Vertical and horizontal momentum components in Xingy
In reply to:
Re vertical component, I agree there is some. The main issue for me is still the horizontal one. After your foot lands, much of your forward horizontal momentum is lost, hence xingyi punches land with the front foot, not after, to use this momentum (as well as any downward moment).
If the focus is on maintaining forward momentum, then there are ways to translate the force without losing it when the leading foot comes down.-Dan
Judging by the Xingyi form sequences, the stance they used gets them in range and will reflect the force from the initial upper body strike, but it’s not 100%. There’s some dissipation due to the back leg not actually being on the ground but picked up and moved forward. The dissipation comes from the target being hit, the force traveling back into the attacking body, and then pushing their back foot down unto the earth. The time it takes to push that foot down until it connects, is a time where force is not being reflected. With exact timing, that’s not usually an issue, except that exact timing isn’t as certain as some preparation work.
From around .55 onwards.
By putting the back foot on the ground in that position, one can lower the stance at the end by using the knees and the hips to transfer more momentum forward. That isn’t done in the upward stance you demonstrated or in Xingyi because the stances are different. Instead of moving the back leg up with a quick step drag, the body continues moving forward, but into a lower stance. Done this way, you can preserve a modicum of forward momentum without having to rely on the immediate burst transition. It does mean you are not going to access the upper body’s target, but the lower body. If the strike starts from an upper body stance to the foe’s upper body, then you can only access the lower body’s target afterwards or if you are still in contact, drive the force forward and downwards at 45 degree angle. This is the vice a versa of the momentum transfer of the hand strike in Xingyi’s stance. That had mostly forward, and a little bit of vertical adding to the forward. Now with a lower stance momentum transfer, you have mostly vertical, with a little horizontal.
The video sequence shows a similar movement, that is the alternative to the xingyi opening or its start anyways. It doesn’t show the transitioning to a lower stance, because the bag goes flying. But for the purposes of visualizing what I am describing, the beginning movement to the hit of the bag, has put the body in the right position to translate more momentum forward if the stance then becomes lowered.
The lower stance transition strike from an upward stance is much more offensive minded. Instead of relying on a burst of momentum in the beginning, and then pulling the back leg up to remain in range, this is more of a displacement move to go through an opponent’s space and replace it with yours. Rather than staying in the same melee range, this is replacing bodies with bodies. It has the most effect there, because if a person is too far away, the lower stance can’t input enough applied force before the body is able to move away.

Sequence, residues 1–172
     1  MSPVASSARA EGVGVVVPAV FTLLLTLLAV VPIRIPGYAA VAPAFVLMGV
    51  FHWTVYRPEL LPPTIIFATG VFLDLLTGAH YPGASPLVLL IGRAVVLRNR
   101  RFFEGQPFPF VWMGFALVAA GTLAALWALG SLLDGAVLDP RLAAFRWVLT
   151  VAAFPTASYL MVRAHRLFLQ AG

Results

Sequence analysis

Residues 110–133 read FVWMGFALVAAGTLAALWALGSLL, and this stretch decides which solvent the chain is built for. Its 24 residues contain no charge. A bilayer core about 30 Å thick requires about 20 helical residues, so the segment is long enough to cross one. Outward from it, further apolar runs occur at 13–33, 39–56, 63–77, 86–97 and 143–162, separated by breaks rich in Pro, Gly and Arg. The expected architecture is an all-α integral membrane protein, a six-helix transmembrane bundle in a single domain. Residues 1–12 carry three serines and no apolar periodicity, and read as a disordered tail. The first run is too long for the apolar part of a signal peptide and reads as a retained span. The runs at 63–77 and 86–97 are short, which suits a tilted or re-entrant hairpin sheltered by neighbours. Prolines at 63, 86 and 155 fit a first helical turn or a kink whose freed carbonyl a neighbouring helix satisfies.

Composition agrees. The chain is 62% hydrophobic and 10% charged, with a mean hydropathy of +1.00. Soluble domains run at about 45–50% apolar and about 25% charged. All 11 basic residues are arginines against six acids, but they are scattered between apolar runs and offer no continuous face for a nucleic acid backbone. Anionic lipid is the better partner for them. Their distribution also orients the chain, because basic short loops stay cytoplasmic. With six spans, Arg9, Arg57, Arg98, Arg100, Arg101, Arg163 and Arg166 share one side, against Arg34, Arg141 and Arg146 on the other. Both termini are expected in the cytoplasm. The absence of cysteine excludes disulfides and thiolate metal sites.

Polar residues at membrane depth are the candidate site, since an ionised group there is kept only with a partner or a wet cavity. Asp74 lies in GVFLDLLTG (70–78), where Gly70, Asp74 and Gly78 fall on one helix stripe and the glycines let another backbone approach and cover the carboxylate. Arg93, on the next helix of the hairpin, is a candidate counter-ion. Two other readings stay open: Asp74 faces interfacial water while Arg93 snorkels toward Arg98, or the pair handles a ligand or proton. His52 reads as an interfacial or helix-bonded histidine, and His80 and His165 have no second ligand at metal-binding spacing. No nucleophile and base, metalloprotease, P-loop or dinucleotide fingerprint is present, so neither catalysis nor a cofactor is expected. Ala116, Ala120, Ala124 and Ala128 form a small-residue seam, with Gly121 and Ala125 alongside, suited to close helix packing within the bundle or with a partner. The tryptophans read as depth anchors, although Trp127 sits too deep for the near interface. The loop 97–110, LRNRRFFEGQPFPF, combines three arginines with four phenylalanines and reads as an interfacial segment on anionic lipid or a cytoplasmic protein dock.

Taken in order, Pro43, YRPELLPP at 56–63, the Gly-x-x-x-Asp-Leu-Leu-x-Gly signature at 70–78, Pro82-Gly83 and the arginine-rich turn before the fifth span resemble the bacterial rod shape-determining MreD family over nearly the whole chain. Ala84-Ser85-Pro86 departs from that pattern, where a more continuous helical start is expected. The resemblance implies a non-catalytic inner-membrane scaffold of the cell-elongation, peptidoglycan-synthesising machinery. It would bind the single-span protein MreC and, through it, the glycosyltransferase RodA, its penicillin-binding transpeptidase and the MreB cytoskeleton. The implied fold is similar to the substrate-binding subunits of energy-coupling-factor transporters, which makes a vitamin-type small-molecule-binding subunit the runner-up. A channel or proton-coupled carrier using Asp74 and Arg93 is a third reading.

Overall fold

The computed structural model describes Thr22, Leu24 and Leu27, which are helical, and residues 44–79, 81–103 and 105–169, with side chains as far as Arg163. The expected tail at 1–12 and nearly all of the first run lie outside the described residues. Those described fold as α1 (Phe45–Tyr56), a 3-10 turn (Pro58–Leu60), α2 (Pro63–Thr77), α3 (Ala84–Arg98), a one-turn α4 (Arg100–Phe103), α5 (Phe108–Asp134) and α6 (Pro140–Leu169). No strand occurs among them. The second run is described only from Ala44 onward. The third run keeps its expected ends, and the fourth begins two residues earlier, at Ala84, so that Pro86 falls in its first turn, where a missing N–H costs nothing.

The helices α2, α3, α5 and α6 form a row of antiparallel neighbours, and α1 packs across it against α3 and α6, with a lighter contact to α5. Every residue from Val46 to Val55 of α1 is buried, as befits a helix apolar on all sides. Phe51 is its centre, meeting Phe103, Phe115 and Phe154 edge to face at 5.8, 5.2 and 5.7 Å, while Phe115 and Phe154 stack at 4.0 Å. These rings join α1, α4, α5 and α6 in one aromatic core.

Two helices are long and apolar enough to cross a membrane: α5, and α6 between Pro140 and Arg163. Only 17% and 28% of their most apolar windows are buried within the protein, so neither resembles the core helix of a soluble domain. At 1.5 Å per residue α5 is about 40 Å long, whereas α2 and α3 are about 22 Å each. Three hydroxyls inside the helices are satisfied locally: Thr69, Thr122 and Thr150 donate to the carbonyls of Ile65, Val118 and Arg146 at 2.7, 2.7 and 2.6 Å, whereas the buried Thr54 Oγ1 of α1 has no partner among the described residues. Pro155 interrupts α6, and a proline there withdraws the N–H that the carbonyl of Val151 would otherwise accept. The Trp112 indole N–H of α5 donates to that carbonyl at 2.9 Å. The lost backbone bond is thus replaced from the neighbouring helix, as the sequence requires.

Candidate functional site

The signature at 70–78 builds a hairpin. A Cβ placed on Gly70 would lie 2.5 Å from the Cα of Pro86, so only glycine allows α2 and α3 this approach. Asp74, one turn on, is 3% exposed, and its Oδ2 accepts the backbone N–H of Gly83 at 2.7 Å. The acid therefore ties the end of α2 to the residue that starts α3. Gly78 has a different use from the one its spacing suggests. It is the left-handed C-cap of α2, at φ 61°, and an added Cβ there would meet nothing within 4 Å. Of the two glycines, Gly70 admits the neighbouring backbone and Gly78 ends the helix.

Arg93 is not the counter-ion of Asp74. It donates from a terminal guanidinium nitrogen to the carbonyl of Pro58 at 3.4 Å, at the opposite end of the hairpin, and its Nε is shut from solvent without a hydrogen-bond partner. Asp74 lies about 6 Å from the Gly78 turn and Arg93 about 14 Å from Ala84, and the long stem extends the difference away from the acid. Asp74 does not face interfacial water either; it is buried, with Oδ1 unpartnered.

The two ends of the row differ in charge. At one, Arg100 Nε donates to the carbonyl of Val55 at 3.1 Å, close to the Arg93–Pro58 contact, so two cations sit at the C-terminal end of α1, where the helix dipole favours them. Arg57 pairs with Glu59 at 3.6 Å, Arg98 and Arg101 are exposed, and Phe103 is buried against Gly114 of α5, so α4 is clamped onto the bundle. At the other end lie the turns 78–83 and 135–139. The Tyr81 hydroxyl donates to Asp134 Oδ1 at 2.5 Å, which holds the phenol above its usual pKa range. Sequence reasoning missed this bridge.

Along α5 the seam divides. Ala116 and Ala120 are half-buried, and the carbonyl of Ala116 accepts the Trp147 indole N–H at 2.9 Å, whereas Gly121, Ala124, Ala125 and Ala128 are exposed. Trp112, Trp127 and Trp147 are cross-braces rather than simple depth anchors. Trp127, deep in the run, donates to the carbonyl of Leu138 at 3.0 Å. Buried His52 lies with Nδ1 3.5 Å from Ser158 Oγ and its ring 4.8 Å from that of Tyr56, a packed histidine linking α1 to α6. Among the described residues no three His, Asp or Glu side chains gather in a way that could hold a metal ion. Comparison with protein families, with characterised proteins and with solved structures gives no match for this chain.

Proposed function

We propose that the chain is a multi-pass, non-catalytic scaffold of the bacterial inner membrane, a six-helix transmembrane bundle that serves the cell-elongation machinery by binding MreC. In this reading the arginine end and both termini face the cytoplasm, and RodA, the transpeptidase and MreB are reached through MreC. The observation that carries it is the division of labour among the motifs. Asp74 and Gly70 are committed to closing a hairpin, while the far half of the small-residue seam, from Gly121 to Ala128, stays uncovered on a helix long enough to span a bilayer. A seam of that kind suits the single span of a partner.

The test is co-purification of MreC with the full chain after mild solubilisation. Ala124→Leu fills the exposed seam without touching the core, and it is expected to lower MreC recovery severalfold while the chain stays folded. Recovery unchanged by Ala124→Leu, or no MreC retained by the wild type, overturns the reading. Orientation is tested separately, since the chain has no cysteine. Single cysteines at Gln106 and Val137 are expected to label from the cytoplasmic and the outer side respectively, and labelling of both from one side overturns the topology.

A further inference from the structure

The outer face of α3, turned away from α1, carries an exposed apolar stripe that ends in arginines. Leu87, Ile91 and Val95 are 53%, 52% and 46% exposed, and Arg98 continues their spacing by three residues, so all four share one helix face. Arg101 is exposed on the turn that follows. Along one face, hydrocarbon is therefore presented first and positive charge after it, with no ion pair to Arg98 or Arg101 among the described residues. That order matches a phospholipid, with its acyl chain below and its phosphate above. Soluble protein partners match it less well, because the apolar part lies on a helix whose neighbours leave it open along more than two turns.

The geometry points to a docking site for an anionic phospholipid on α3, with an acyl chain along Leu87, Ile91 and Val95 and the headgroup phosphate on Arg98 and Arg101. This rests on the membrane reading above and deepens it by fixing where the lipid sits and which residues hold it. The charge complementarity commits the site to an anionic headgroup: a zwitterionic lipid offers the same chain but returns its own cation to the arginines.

Also, instead of relying on applying all the kinetic force in the .25 seconds it takes for the strike to hit, the type of hit I showed in the video relies more upon a longer duration contact and steady application of force. Instead of 500 newtons over .25 seconds, we have 400 newtons every second, applied for 1.5 seconds. For the sake of argument, if the xingi hand strike lasts for .25 seconds to .5 seconds, it has 125 -250 impulse. Assuming I’ve used the equation correctly, my video link’s strike relies upon the same or lower momentum transfer, over a long period of time. Thus it would be 400 to 600 impulse.
In math, it’s an anti-derivative. In laymen’s speak, more impulse and applied force is generated the longer a constant force remains applied in duration to the target. If one loses the initial total impact from the foot being on the ground before the hand touches the target, momentum can still be conserved and loaded up to be used in a forward strike. The person just has to be closer and move farther, in a lower stance, and remain in contact with the target longer.
This was mainly to address the question of “If the primary concern is conserving forward momentum in a strike, what options are available to the attacker”.
Vertical and horizontal force vectors reminds me of those physics pendulum questions about how fast the pendulum is moving if gravity is pulling on it at 90 degrees or 45 degrees.Explore posts in the same categories: Traditional Martial Arts